As a Phase I study, the majority of outcomes in this study are focused on assuring the safety of this treatment modality. We will look for any complications from surgery, evidence of immune rejection of the cells or abnormal growth of cells. In order to assess for clinical benefit, we will do serial physical exams, MRI imaging and electrophysiology studies to determine if the cells are producing new myelin.
- Are there any risks to participating?
There are always risks to participating in research and those are greatest in Phase I studies, based on our limited experience. In this study there are risks to the surgical procedure, the cell implantation, and the medications used to prevent rejection. All of these elements have been used in other studies and found to be reasonably safe, but they have not been attempted in patients with transverse myelitis. Detailed discussions of risks will occur during the informed consent process.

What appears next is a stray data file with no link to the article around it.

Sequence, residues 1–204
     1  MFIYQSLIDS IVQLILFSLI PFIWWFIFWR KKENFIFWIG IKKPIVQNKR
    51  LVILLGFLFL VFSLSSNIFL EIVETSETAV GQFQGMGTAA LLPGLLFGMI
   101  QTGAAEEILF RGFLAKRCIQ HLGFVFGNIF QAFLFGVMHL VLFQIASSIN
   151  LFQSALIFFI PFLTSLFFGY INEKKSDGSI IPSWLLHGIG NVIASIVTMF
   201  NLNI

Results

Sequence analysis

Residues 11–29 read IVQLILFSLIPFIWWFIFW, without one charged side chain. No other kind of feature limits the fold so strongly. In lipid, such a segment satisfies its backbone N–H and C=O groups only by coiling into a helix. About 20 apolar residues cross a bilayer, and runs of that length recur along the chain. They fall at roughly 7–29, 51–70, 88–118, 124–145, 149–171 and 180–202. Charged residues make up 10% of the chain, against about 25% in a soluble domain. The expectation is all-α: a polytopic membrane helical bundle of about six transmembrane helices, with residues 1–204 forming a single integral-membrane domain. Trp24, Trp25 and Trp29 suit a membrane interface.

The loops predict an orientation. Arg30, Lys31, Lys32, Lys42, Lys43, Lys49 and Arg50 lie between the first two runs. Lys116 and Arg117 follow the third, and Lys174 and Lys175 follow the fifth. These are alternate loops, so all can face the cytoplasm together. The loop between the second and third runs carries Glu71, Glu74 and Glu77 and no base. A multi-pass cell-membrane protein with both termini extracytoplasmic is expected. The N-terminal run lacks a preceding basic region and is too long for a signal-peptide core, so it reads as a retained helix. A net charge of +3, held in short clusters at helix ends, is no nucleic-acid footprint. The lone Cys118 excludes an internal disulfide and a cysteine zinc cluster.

- What would cause the study to end early?
Studies can be stopped early for many reasons, including concerns about safety, evidence of harm, or regulatory concerns.
- What will it take to get the study to a Phase II or efficacy trial?
If successful, the data from the Phase I study will be used to justify raising the funds necessary for a Phase II trial. Sometimes, a second Phase I trial is needed to explore various dosing options or patient selection criteria. Moving forward from the first study is based on the data collected and funding.
- Is it possible this might cure TM?